COULD YOU BE AN ENTREPRENEUR?

More and more women are launching their own businesses in mid-life. What does it take to be a success? And could you hack it?

There is no age barrier to starting a business. In fact a bit of maturity means more resilience and life experience to inject into a new venture. If you’re bored or frustrated or looking for a change, becoming your own boss might be the perfect way to do something you really care about, rather than something you feel have to do.

Over-50s who set up their own businesses account for one in six new businesses started in the UK. And while women have tended to lag behind men in business creation, increasing numbers of women in midlife and beyond are deciding to give it a go. Research suggests that people who start businesses in mid-life tend to have a 70 per cent chance of making it through the first five years.

But we can sometimes be held back by lack confidence in our own ability to start a business and this creates a mental barrier. A fear of the unknown sets in, along with concerns about the risk involved. But with the right advice, support and a well-researched idea, starting a business can be much easier than you think.

You may have a hobby you can turn into a business. Or your passion may lie in an aspect of your current expertise – or a totally different industry – so bite the bullet and get trained up! The beauty of the internet means that with the touch of a button we can get information on pretty much any industry, anywhere. If you need inspiration and ideas spend some time with a career coach to explore your options.

Here are the most important points to work through when starting a business, step-by-step.

Ensure the idea is viable. This means properly researching the idea and taking time to understand the market you want to enter. Don’t rely on family and friends for opinions and advice. They will tell you your idea is marvellous, and it may well be, but ensuring you do some independent market research is vital. Consider: Does your business solve a problem? Are you selling something which is a necessity or a luxury? Make sure the market isn’t too niche. There must be enough people or companies who will buy what you do to ensure you can make money.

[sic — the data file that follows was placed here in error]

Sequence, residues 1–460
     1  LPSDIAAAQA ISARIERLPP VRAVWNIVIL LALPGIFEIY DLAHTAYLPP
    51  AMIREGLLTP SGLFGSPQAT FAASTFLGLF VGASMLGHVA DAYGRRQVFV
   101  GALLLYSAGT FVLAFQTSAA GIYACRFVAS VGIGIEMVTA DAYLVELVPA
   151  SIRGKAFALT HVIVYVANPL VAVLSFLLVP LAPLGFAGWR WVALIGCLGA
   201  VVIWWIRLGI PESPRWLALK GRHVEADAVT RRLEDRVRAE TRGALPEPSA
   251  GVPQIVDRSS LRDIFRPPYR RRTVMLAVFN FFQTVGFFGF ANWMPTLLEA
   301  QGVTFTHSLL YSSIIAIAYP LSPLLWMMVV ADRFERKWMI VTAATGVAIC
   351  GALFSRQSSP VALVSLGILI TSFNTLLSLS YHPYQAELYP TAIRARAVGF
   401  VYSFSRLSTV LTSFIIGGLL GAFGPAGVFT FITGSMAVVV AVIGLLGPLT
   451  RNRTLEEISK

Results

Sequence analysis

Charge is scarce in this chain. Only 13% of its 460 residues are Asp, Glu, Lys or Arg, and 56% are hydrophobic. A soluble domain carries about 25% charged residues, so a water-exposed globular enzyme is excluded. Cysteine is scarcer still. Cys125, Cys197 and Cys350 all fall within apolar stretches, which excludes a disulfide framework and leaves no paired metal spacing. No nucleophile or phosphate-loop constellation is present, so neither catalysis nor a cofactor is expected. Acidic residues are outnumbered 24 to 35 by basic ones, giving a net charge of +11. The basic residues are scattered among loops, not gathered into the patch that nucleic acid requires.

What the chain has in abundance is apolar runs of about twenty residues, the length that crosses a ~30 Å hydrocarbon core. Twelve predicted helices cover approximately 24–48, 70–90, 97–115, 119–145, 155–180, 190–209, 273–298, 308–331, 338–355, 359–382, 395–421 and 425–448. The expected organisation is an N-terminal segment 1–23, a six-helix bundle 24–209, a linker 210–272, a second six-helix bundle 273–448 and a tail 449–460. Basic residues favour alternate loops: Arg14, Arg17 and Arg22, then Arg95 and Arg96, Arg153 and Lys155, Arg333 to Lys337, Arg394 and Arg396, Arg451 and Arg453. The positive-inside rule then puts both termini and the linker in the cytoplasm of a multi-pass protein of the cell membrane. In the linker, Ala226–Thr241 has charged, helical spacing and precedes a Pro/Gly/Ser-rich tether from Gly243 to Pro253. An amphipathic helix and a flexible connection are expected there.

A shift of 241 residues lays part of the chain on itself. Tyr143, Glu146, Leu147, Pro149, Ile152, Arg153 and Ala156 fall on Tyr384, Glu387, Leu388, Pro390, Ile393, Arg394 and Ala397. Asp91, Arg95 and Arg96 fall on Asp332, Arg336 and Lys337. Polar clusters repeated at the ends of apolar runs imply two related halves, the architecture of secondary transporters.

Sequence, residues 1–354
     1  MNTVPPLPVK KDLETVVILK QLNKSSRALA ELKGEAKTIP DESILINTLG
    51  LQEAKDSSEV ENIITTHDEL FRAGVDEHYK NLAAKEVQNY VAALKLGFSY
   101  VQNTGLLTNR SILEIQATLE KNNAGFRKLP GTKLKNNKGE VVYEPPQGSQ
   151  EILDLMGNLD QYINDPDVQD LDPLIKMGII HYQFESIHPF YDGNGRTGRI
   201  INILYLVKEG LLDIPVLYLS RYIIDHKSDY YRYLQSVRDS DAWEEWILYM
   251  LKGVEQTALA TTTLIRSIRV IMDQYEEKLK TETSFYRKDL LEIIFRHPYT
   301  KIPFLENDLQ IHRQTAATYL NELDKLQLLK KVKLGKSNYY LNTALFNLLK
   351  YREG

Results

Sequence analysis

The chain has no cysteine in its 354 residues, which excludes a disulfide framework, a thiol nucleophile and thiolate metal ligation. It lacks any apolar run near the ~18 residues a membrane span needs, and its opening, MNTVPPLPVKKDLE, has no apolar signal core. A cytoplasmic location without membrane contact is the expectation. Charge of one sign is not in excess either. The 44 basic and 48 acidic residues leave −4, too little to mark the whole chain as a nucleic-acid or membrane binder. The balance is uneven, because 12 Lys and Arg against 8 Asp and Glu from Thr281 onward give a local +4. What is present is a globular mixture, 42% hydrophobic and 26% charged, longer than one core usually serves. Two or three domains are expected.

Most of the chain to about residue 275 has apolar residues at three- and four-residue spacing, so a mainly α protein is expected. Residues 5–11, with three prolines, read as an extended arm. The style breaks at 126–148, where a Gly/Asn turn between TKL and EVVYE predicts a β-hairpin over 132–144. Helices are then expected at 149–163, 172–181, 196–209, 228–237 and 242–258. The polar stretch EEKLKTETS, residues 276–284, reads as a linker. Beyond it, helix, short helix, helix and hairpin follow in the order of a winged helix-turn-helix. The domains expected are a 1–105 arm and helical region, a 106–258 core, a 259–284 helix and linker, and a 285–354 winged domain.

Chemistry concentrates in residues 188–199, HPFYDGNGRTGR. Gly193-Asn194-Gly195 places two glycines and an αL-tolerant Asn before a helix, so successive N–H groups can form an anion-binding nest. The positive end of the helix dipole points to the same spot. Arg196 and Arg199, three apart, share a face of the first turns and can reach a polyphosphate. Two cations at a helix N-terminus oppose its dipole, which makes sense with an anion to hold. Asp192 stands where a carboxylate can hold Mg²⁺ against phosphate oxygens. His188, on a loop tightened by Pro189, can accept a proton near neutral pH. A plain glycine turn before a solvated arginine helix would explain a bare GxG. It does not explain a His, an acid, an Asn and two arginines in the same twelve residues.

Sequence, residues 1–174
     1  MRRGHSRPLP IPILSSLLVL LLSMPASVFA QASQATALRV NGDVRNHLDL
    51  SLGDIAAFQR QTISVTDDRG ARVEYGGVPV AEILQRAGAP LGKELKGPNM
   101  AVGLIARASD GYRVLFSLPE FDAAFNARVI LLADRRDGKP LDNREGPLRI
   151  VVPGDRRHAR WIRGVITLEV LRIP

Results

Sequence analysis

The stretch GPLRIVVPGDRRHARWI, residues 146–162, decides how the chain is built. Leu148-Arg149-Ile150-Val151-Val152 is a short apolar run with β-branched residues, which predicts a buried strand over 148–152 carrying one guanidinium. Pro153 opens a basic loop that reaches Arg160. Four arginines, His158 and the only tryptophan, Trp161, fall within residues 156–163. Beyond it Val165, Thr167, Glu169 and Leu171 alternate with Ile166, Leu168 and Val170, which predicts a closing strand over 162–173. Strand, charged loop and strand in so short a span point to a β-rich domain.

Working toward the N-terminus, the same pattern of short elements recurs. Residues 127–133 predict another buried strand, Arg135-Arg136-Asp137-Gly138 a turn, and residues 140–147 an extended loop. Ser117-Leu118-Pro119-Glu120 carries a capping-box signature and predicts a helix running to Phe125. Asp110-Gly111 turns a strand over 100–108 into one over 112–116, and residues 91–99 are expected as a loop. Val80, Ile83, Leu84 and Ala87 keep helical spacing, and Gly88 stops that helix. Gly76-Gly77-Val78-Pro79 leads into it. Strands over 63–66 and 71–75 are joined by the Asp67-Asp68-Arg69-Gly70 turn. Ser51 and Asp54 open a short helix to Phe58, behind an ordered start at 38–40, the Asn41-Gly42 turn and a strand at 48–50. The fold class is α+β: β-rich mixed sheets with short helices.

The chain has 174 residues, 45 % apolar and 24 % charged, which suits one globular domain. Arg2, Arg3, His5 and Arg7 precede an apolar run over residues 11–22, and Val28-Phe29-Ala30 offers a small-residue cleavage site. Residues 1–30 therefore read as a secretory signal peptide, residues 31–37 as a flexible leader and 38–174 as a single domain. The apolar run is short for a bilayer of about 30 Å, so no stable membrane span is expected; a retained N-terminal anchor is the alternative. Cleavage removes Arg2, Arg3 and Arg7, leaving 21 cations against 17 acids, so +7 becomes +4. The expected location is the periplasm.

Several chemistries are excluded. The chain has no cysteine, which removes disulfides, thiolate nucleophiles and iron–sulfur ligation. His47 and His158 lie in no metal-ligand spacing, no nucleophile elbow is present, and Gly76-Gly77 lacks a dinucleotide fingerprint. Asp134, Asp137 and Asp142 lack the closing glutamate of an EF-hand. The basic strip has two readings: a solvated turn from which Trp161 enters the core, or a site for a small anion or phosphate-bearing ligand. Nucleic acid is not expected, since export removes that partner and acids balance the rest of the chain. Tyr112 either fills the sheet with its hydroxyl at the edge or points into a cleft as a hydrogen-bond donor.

Think of a name. This is often the hardest thing to do! Firstly, make sure the name is easy to spell and memorable. A name usually works well if it means something in your chosen industry, but this isn’t essential. Make sure no one else is using the name, checking with and Companies House. Check you can purchase the domain name for the website. Then once you have decided, register your trademark and company name so no one else can have it.

Know your numbers. From the beginning make sure you have properly costed out your start-up costs. Make sure you know everything you will need and what it will cost and then add a contingency fund. The next step is to work out how much you will charge for your goods or services and how much your ongoing costs will be. This way you can begin to see if this is a business that will earn you a proper income. Consider how you will cover your living costs while building the business.

Write a business plan. Once you have completed the first three steps, start writing a business plan. Many people think this is just for people who want to arrange finance – wrong! This step is vital for anyone starting a business and it’s an ongoing document. It’s your blueprint for your business idea and is the plan that will help you bring the business together to get it trading. Get free information here on business plans.


“Many local councils have a Business Development department which supports start-ups.”


Get advice. Every area has a local enterprise agency, and often you can get a number of hours of business advice for free. Google to see what is available in your area. Many local councils also have a Business Development department which supports start-ups. By sharing your business plan with them, they can review where you are and what help you need. Some areas also have business incubation services. These are there to support start-up businesses and often offer greatly reduced office or unit rentals for a fixed period to help you get started.